Here are the facts: The dog limit was NOT "new." The woman had been in gross violation for decades. She was notified (twice) before a warrant was served and filth, disrepair and negligence was found. The woman VOLUNTARILY relenquished the dogs rather than face the fines. The police came out. The Dog Law folks came out. The District Attorney came out. Prosecution is moving ahead, as everyone seems to have seem the same thing.

-- more in a minute --

PBurns said...

After NINE posts in which David Zincavage has not added any new information about the actual Philly case in question, I stopped reading. At some point it's not writing -- it's just typing.

What I did instead was gather up a few folks to ACTUALLY RESEARCH animal limit laws acros the U.S.

How common are they? Is there a pattern? What are the limits? Are there other options?

That post is here and is purely FACTUAL and makes for interesting reading >>

In another post I try to interpret the results from that research. See >>

I ask people which way do they would go go in terms of animal control? NYC? El Paso? Miami? Denver?

Do you want more taxes, more police power, more euthenasia, or some middle ground like most cities are trying to find?

Why don't you wade in Stephen and tell us what kind of animal control law YOU would want in a city of more than a million people? Or do you embrace a purely libertarian stance which says animals in pain, misery and filth, and neighbors in perpetual conflict is perfectly fine? Let us know what you would do for a city of one million if you were writing the law.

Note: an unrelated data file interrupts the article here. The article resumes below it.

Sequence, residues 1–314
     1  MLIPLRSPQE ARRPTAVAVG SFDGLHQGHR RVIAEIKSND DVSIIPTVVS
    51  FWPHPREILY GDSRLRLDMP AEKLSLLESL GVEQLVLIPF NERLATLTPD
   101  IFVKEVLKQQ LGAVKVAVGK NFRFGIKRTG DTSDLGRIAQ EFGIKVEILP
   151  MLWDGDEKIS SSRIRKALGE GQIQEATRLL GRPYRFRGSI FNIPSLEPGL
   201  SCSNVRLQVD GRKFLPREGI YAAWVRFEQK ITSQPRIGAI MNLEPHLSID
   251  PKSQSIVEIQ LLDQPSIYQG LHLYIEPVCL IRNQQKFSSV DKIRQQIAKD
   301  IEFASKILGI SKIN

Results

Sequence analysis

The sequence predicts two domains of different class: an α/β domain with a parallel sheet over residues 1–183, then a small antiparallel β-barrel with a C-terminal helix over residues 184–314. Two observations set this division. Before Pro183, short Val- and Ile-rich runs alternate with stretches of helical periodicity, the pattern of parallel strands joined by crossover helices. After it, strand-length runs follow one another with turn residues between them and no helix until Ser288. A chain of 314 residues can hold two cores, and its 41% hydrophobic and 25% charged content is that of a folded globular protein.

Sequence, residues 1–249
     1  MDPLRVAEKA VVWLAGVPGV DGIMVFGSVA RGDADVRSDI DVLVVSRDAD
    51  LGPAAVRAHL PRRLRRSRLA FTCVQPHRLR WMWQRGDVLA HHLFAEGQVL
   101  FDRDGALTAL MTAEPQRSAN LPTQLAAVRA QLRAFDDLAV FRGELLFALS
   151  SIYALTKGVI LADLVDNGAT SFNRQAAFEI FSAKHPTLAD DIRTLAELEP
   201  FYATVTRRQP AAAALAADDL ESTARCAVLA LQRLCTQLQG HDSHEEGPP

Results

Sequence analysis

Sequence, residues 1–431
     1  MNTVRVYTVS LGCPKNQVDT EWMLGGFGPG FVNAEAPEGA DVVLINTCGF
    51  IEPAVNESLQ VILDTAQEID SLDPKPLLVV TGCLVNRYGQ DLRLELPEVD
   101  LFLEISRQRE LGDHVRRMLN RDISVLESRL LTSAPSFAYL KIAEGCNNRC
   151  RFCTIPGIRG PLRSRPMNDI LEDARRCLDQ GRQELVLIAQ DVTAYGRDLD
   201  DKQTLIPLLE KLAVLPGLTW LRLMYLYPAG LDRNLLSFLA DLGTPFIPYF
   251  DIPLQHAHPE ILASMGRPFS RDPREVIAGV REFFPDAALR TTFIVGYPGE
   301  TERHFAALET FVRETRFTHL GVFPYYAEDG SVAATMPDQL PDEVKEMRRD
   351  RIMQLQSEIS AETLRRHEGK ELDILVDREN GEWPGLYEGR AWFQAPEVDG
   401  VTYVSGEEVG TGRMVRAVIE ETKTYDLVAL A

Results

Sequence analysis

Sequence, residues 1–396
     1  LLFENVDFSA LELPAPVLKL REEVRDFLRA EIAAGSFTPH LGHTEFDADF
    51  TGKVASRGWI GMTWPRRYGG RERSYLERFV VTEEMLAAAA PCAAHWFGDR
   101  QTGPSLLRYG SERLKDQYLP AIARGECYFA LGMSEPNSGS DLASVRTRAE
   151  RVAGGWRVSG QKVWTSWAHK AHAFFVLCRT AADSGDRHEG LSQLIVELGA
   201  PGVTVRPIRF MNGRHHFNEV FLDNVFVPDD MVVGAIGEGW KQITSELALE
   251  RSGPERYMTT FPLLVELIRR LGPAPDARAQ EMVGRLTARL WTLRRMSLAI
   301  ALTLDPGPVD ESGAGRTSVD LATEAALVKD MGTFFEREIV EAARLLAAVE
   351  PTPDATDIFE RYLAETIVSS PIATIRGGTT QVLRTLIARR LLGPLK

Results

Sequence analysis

As for the black helicopters, if you want to believe them you can.
You can also think that "they" are coming for your guns, and that "they" are going to turn off your life support at the hospital, that Obama was born in Kenya, and that the moon walk was done in a Hollywood studio. You can stand silent around the paranoid, or you can even join in with them and clap your hands. There is not a thing I can do about it, one way or another, except to advise that I think Pfizer now makes a product for some medical conditions.

In the real world, where there are real problems, that real people are really trying to solve, it's a bit more difficult than simply sitting on your porch and taking pot shots at whatever bird flies by. That's fun, but it's not the kind of real work that brings real value to a community, is it? Real people are working on behalf of animals AND the poeple who own them. They are respecting the Second Amendment AND trying to keep everyone as safe as is reasonably possible. They are tring to keep taxes low AND deliver quality services